Although there are variations in what constitutes high risk across multidisciplinary guidelines, BRCA germline mutation carriers and untested first-degree relatives are universally acknowledged as harboring risks an order of magnitude greater than that of the general population, and are thought to benefit the most from MR imaging screening , , (see Table 2 ). Pooled data have shown that the average risk of developing breast cancer by age 70 years is 65% for BRCA1 mutation carriers and 45% for BRCA2 mutation carriers. Compared with women without mutations, BRCA1 and BRCA2 carriers have, on average, respectively 30-fold and 10-fold to 16-fold higher LTR of breast cancer. In women with BRCA mutations who undergo screening, mammography has low sensitivity because of high breast density and more rapidly growing tumors in younger women. Prospective trials have shown that annual supplemental MR imaging in conjunction with mammography typically doubles the sensitivity of mammography alone and generally achieves sensitivities greater than 90%. , , , , , Further ultrasonography or clinical breast examination are not additive ( Table 1 ). False-positive rates are increased with addition of screening MR imaging to annual mammography, but these false-positives tend to decrease in successive incident rounds of screening. In a multicentered prospective trial from the Netherlands, the sensitivity advantage of MR imaging versus mammography was greatest at prevalent round (93% vs 20%; P = .003) but maintained in subsequent rounds (77% vs 29%; P = .02); and the false-positive rate of MR imaging decreased in subsequent rounds (from 14% to 8%). MR imaging–detected cancers also have a favorable stage distribution in BRCA mutation carriers, primarily composed of sub–1-cm invasive cancers and in situ cancers at incident rounds of screening with low rates of node positivity (12%–26%), associated with improved 10-year survival. Importantly, timing the frequency of screening has been a challenge in this population. Particularly in BRCA1 carriers less than 50 years of age, who are known to have the highest rate of interval cancers because of a high prevalence of rapidly growing tumors, annual imaging may not be adequate. The main strategy has been to shorten the screening interval to every 6 months using various examination combinations, such as staggering mammography and MR imaging, or using biannual MR imaging with annual mammography, or by supplementing annual mammography/MR imaging with biannual ultrasonography. , MR imaging screening is generally deemed cost-effective for BRCA carriers assuming perfect attendance, particular for BRCA1 carriers, and adherence to the examination is high among carriers confirmed by genetic testing (80%–90%). ,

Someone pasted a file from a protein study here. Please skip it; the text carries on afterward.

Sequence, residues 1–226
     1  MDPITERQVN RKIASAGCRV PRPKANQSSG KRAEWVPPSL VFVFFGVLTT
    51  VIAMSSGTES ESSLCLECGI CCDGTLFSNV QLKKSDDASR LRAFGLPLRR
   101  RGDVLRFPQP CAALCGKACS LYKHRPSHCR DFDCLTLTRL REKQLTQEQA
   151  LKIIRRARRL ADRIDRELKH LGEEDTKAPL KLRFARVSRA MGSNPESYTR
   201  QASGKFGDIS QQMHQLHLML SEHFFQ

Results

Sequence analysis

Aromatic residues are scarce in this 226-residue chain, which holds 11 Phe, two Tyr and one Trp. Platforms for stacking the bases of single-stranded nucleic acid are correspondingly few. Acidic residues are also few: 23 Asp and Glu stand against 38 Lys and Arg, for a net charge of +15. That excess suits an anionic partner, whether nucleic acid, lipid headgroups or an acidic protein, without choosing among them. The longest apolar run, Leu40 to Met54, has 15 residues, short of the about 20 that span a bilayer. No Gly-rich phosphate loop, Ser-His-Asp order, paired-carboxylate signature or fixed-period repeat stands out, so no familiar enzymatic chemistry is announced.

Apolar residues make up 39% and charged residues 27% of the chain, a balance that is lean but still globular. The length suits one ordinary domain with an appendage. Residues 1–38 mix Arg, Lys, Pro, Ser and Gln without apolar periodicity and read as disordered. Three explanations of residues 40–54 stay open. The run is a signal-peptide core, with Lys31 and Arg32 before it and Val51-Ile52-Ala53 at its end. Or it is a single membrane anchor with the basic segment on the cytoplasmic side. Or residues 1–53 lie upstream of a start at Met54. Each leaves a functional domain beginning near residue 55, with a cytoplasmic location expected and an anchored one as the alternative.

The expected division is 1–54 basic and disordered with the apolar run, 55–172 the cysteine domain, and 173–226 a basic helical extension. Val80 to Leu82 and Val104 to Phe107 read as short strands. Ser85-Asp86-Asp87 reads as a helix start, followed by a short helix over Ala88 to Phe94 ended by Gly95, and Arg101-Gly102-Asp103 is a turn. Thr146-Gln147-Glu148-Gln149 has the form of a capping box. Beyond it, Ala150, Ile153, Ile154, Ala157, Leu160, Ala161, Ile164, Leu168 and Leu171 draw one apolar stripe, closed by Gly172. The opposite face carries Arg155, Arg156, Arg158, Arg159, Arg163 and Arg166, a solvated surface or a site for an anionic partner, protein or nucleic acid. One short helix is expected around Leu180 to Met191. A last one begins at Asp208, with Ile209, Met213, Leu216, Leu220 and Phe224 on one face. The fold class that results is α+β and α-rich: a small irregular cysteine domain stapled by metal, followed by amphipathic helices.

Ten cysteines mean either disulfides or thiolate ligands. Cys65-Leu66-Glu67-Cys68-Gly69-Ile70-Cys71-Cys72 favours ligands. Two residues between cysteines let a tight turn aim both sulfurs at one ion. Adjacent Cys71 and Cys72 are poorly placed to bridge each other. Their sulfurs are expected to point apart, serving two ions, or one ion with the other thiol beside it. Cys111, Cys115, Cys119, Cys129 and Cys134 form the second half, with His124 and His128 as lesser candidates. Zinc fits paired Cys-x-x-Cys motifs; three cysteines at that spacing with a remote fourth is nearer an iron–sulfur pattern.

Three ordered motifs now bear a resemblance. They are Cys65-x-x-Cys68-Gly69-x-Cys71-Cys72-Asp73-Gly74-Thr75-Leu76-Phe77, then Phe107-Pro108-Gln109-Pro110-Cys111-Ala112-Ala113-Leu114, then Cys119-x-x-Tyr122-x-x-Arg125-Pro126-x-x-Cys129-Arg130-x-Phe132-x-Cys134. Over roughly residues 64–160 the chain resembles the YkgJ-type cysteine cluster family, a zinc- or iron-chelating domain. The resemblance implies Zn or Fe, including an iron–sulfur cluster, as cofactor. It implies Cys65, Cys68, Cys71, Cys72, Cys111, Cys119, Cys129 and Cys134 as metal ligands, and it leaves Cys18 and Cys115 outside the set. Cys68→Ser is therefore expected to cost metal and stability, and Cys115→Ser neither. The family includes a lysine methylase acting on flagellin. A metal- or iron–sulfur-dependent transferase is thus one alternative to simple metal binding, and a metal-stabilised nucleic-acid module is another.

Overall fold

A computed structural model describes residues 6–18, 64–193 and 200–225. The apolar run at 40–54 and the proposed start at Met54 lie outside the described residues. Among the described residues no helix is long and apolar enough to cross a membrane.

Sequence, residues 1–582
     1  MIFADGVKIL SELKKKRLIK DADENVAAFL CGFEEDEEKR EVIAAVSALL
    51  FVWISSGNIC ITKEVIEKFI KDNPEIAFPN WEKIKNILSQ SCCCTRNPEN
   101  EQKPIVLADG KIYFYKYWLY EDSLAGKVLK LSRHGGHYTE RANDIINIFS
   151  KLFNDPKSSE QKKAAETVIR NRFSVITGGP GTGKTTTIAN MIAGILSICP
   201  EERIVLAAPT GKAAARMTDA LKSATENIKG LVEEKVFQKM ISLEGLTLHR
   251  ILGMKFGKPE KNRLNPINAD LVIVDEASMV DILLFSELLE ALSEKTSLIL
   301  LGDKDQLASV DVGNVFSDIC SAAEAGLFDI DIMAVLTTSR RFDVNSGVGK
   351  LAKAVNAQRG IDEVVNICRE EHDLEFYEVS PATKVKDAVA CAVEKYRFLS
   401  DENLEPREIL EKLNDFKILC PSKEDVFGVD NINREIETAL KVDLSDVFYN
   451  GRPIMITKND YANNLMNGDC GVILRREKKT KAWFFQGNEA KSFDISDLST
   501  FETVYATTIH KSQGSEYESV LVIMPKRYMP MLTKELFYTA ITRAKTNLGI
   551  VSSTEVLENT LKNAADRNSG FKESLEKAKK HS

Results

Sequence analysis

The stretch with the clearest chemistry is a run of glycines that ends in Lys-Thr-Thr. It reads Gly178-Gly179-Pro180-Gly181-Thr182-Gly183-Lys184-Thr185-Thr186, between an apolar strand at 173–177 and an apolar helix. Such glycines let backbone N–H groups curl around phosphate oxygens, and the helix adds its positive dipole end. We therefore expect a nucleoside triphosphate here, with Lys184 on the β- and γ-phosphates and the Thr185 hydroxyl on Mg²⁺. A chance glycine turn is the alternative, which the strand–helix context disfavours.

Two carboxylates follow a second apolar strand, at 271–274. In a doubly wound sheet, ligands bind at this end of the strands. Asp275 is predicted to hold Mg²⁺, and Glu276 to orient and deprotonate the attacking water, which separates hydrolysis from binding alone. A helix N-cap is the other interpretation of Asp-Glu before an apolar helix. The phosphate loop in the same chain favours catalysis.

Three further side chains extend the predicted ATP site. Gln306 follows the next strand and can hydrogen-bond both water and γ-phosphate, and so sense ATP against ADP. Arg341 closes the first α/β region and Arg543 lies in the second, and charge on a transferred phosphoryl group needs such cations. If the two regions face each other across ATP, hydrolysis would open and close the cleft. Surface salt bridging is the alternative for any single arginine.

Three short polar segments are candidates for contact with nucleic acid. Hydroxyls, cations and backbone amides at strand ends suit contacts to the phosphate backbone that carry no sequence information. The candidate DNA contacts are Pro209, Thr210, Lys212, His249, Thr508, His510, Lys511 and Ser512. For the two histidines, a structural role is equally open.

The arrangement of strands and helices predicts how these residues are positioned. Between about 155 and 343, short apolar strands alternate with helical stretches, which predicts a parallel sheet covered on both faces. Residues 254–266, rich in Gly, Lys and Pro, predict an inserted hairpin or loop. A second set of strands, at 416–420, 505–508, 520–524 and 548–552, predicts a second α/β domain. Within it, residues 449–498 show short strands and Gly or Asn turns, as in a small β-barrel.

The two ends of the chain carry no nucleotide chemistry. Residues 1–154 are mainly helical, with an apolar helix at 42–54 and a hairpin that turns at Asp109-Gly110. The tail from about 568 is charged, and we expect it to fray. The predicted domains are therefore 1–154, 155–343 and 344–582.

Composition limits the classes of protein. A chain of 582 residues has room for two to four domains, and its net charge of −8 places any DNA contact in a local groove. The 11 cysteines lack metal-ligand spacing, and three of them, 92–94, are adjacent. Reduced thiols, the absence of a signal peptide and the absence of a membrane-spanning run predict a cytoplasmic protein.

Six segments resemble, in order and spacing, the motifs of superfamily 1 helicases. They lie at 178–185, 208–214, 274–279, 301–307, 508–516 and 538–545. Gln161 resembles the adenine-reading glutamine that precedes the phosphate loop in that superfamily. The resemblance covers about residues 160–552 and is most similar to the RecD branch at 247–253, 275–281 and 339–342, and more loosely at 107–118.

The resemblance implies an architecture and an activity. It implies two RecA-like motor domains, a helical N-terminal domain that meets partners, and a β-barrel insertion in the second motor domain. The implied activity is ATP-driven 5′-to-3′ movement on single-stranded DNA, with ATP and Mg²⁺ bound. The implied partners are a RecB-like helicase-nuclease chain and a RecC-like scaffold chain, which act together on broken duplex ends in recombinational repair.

|Reference||Patients (n)||Rounds (n) a||Inclusion||Sensitivity||Specificity||PPV 3|
|MR Imaging (%)||MG (%)||US (%)||MR Imaging (%)||MG (%)||US (%)||MR Imaging (%)||MG (%)||US (%)||Interval CA (n)|
|2019 , b||674||2812||Fam||98||87||NA||84||91||NA||27||28||NA||1|
Annual breast MR imaging is also recommended in less common mutations associated with high risk of breast cancer, such as TP53 (Li-Fraumeni syndrome; 95% by age 90 years) and PTEN (Bannayan-Riley-Ruvalcaba syndrome, Cowden syndrome; 85% by age 80 years), and is increasingly considered in additional mutations associated with moderate to high risk of breast cancer, including CDH1, STK11, PALB2, CHEK2, ATM, BARD1, and NF1, with individual decisions often guided by family history because of a further increased risk. However, most women with a family history of breast cancer do not have an identified genetic mutation, and 15% of all breast cancers occur in this group. , Family history in these women therefore serves as the primary basis for calculating LTR via modeling algorithms, and is a direct indication for supplemental MR imaging screening if calculated risk exceeds 20%. In this group, MR imaging has been found to increase detection of early-stage cancer compared with mammography (14 per 1000 vs 5 per 1000 cancers; P <.0003). Notably, in contrast with BRCA carriers, women at high risk without BRCA mutations have been found to have significantly lower adherence to supplemental screening MR imaging. , There is also evidence that, although supplemental MR imaging is underused in high-risk women, many who undergo breast MR imaging may not be appropriately high risk. , For example, for those with family history who undergo multigene panel testing in recent years, unclassified genetic variations of uncertain significance (VUS) are increasingly encountered. Although work is being done to better classify these genetic variants to provide clinically actionable information, detection of any unknown variant (including BRCA1/2 VUS) is currently not an indication for intensified breast cancer screening.